BEST of the BEST 2014 | Home | Decor: Les Nécessaires d’Hermès

  • Photo by Philippe Lacombe
    Photo by Philippe Lacombe
  • Photo by Philippe Lacombe
    Les Nécessaires d'Hermès Photo by Philippe Lacombe
  • Photo by Frank Oudeman
    Photo by Frank Oudeman
  • Photo by Frank Oudeman
    Photo by Frank Oudeman
  • Photo by Frank Oudeman
    Photo by Frank Oudeman
  • Photo by Philippe Lacombe
  • Photo by Philippe Lacombe
  • Photo by Frank Oudeman
  • Photo by Frank Oudeman
  • Photo by Frank Oudeman
  • Samantha Brooks

Essentials for the finest of nests...

Back in the 1920s, the interior designer Jean-Michel Frank enlisted Hermès to swathe some of his furniture pieces in the company’s supple leathers. It was not until very recently, however, that the French luxury-goods manufacturer—best known for its superbly crafted leather items, ready-to-wear fashions, and statement-making jewelry—staked a claim in the field of home furnishings. La Maison, a series of furniture, textiles, wall coverings, and tableware, made its debut to much fanfare at the 2010 opening of the brand’s Left Bank boutique in Paris. The series continues to receive prominent placement today: The entire third floor of Hermès’s newly refreshed Beverly Hills, Calif., boutique, a 12,000-square-foot Rodeo Drive space that reopened last September, is devoted to La Maison, displaying its desks and dressers, beds and sofas, and tableware and textiles in rich vignettes rather than austere showroom settings. Indeed, despite being relatively new to the market, Hermès appears comfortably at home in the domestic space.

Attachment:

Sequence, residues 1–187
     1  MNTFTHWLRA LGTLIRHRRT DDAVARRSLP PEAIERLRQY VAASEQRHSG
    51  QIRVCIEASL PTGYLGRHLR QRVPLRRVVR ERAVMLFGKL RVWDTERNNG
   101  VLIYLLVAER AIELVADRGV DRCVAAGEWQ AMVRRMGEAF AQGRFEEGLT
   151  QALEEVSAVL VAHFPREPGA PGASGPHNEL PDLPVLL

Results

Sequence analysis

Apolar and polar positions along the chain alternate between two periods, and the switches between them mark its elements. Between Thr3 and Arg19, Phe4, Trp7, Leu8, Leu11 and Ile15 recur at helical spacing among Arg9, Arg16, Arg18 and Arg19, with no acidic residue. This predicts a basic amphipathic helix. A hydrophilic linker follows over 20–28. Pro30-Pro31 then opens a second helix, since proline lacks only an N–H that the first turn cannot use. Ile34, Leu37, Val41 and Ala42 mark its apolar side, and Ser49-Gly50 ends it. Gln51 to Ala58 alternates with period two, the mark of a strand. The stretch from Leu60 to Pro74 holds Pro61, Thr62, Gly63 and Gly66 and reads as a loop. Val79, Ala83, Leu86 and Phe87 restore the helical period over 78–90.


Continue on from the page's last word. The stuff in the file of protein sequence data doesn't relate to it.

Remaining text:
Highlights from La Maison have included the 2010 reissue of 14 Jean-Michel Frank designs and the 2011 launch of 13 contemporary pieces by Enzo Mari, Antonio Citterio, Denis Montel, and Éric Benqué. In 2013, Hermès unveiled its most impressive La Maison line to date: the 12-piece Les Necessaires d’Hermès (from $5,300 to $67,300), designed by Philippe Nigro.

Nigro’s collection takes its name from the French word for “essentials” and encompasses pieces that reflect the handcraft of Hermès’s heritage. The lines are simple and clean, the proportions elegant. The way the drawers open and close, the way an ottoman reveals storage and then shuts perfectly—it is all so precise. Details, such as impeccable piping and retractable metal hooks, have received ample attention from the artisans, as have the larger elements. Metal frames all but disappear behind meticulous woodwork. Materials range from Canaletto walnut and bull-calf leather to brushed stainless steel. The line’s seating options include the Carré d’Assise, a low stool that comes in three different heights, and the Cheval-d’Arçons, which serves as a chair, a coffee table, and a storage unit. The Table à Cachette is a Canaletto-walnut side table with stainless-steel feet and rotating drawers.

Up next on the home front: Hermès will settle down in September in Shanghai, where it will open a store with nearly 2,800 square feet of “maison” space. 

Hermès, 800.441.4488, www.hermes.com

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